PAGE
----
If you’ve paid occasional attention to cryptocurrency news in recent years, you probably get the feeling that the cryptocurrency market is unregulated: a tech-driven Wild West where the rules of traditional finance don’t apply.
However, if you were Ishan Wahi, you probably wouldn’t have that sense.
Wahi worked at Coinbase, a leading crypto exchange, where he had a vision of the tokens that the platform planned to list for trade, an event that causes the value of those assets to rise. According to the US Department of Justice, Wahi used that knowledge to buy those assets before listing and then sell them for huge profits. In July, the Justice Department announced that it had indicted Wahi, along with two associates, in what it called the “first-ever cryptocurrency insider trading scheme.” If convicted, the defendants could face decades in federal prison.
On the same day as the Justice Department’s announcement, the Securities and Exchange Commission made its own. He was also filing a lawsuit against the three men. However, unlike the Department of Justice, the SEC cannot bring criminal cases, only civil ones. And yet, it is the SEC civil suit, not the Justice Department criminal case, that has thrown the heart of the crypto industry into a panic. That’s because the SEC charged Wahi not only with insider trading but also with securities fraud, arguing that nine of the assets he traded count as securities.
This may sound like a dry technical distinction. Indeed, whether a crypto asset should be classified as a security is a huge and possibly existential issue for the crypto industry. The Securities and Exchange Act of 1933 requires anyone who issues a security to register with the SEC, complying with extensive disclosure rules. If they don’t, they can face devastating legal liability.
In the years to come, we will find out how many crypto entrepreneurs have exposed themselves to that legal risk. Gary Gensler, whom Joe Biden appointed to chair the SEC, has made it clear for years that he believes most crypto assets qualify as securities. His agency is now putting that belief into practice. In addition to the insider trading lawsuit, the SEC is preparing to go to trial against Ripple, the company behind the popular XRP token. And it is investigating Coinbase itself for allegedly listing unregistered securities. That’s in addition to a class action lawsuit against the company brought by private plaintiffs. If these cases are successful, the days of free-for-all cryptocurrency could soon be over.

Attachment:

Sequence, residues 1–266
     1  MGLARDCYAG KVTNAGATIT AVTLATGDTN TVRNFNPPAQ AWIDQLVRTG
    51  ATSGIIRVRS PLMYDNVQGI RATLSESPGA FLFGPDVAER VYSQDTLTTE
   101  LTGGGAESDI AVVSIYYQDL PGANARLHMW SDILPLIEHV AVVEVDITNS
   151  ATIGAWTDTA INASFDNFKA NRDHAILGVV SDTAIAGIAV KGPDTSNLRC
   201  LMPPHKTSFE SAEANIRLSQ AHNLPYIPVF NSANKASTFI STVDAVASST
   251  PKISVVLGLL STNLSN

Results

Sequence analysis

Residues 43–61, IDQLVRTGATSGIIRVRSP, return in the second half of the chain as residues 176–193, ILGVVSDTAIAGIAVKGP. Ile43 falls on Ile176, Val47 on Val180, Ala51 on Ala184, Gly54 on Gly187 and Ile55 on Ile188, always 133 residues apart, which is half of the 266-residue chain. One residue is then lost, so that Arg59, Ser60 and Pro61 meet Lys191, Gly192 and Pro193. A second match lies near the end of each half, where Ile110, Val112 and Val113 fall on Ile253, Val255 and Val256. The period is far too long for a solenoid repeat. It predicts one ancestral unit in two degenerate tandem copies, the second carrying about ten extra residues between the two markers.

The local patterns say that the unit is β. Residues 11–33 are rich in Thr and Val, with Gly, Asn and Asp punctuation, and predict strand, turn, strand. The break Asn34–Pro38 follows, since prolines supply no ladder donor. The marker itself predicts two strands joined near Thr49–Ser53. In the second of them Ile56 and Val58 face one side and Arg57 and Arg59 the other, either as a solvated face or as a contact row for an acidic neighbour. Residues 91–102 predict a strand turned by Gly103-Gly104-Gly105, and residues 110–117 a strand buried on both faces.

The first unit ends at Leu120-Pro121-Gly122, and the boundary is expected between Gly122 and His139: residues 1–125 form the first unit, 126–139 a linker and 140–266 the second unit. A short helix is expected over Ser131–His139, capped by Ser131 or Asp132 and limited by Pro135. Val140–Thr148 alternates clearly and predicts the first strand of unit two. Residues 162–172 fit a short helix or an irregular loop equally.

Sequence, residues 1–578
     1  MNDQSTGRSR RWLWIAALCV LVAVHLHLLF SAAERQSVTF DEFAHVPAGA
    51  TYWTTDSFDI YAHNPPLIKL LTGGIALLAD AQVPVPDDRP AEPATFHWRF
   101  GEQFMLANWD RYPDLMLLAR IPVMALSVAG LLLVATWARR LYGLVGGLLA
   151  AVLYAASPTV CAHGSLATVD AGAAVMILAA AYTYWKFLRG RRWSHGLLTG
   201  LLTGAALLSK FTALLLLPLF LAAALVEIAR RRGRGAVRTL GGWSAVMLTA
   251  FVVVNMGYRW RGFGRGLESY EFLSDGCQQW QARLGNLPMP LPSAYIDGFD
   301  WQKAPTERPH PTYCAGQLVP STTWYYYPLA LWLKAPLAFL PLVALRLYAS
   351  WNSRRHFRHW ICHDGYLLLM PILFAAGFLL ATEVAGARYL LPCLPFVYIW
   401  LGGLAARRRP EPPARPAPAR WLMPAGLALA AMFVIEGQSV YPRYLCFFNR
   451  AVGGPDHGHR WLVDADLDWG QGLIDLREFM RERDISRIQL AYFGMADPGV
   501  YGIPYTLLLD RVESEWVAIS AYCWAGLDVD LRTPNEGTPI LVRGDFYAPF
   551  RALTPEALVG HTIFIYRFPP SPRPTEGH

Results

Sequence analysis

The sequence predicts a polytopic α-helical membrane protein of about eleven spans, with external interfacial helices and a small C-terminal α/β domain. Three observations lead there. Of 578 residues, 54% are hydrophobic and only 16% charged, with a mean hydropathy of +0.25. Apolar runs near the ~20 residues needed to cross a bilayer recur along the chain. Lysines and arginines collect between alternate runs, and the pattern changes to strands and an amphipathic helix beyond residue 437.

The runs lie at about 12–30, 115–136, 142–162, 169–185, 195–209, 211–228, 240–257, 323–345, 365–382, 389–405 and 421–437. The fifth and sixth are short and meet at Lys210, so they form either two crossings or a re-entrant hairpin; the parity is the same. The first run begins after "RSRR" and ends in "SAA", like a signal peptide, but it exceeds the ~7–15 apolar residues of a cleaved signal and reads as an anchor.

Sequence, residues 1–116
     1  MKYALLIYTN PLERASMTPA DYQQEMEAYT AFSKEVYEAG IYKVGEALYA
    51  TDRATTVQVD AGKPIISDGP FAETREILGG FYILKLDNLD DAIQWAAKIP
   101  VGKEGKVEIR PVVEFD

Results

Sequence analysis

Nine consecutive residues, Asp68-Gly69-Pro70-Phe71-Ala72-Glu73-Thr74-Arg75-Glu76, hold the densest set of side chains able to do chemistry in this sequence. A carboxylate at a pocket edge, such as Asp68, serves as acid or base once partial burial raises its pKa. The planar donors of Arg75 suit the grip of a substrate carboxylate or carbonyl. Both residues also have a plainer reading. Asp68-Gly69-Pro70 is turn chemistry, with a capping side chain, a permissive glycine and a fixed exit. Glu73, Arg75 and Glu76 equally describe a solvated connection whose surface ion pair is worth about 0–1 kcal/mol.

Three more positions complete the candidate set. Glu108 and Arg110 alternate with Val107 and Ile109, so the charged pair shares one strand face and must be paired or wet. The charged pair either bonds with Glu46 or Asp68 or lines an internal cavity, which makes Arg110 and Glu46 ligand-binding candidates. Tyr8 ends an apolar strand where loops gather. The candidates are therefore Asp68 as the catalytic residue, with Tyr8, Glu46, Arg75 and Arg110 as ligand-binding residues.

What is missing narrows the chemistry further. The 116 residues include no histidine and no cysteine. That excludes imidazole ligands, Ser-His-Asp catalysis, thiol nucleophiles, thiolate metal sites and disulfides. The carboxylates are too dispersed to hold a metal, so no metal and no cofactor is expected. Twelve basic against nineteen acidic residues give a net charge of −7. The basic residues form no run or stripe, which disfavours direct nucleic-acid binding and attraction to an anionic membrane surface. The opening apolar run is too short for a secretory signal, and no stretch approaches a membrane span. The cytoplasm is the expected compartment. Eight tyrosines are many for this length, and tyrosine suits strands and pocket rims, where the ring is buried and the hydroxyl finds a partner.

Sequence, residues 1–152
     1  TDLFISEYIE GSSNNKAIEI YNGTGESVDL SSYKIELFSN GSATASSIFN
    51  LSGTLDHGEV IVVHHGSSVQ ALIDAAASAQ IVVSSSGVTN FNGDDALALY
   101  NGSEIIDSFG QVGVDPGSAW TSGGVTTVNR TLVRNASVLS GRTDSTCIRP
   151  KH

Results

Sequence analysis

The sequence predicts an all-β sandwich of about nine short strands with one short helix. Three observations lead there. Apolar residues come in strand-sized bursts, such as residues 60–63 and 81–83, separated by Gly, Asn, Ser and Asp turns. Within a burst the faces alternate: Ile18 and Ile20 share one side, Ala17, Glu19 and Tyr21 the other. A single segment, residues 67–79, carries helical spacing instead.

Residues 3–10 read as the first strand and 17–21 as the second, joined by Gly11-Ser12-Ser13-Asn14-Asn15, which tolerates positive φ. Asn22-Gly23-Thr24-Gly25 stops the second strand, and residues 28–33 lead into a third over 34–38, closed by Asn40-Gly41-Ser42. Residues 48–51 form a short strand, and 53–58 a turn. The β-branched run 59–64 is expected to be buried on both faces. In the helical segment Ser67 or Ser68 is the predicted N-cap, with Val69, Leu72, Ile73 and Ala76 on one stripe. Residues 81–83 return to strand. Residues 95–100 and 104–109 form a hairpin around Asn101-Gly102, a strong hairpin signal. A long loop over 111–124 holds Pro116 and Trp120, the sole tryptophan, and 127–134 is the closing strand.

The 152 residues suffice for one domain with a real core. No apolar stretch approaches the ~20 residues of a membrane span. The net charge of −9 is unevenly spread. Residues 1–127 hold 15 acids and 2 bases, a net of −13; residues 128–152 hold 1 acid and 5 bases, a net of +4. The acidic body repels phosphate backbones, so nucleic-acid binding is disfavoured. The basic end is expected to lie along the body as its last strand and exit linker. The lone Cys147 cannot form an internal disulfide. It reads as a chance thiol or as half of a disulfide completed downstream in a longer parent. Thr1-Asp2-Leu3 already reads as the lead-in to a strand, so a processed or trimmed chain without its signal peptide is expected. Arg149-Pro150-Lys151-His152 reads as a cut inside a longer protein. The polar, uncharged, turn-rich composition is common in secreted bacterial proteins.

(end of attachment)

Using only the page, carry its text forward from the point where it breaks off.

To understand the fight for crypto regulation, it helps to start with the orange business.
The Securities and Exchange Act of 1933, passed after the stock market crash of 1929, provides a long list of things that can count as securities, including an “investment contract.” But he never explains what an investment contract is. In 1946, the United States Supreme Court provided a definition. The case concerned a Florida company called the Howey Company. The company owned a large parcel of citrus plantations. To raise money, he began offering people the opportunity to buy portions of his land. Along with the sale of the land, most of the buyers signed a 10-year service contract. The Howey Company would maintain control of the property and handle all the work of growing and selling the fruit. In return, the buyers would get a cut of the company’s profits.
In the 1940s, the SEC sued the Howey Company, claiming that its alleged land sales were investment contracts and thus unlicensed securities. The case reached the Supreme Court, which ruled in favor of the SEC. The fact that the Howey Company did not offer verbatim shares, the court ruled, did not mean that it was not raising investment capital. The court explained that it would look at the “economic reality” of a business, rather than its technical form. He argued that an investment contract exists whenever someone puts money into a project in the hope that the people running the project will turn that money into more money. After all, that is investing: companies raise capital by convincing investors that they will get back more than they invested.
Applying this standard to the case, the court ruled that the Howey Company had offered investment contracts. The people who “bought” the plots of land did not actually own the land. Most would never set foot on it. For all practical purposes, the company remained the owner. The economic reality of the situation was that the Howey Company was raising investment under the guise of selling properties. “Thus,” the court concluded, “all the elements of a for-profit business enterprise are present here. Investors provide the capital and share in the profits and profits; the promoters manage, control and operate the company.”
The ruling established the criteria followed by the courts to this day, the so-called hello Test. It has four parts. Something counts as an investment contract if it is (1) an investment of money, (2) in a joint venture, (3) with the expectation of profit, (4) to be derived from the efforts of others. The core idea is that you can’t get around securities law because you don’t use the words “action” or “participation.”
Which brings us to Ripple.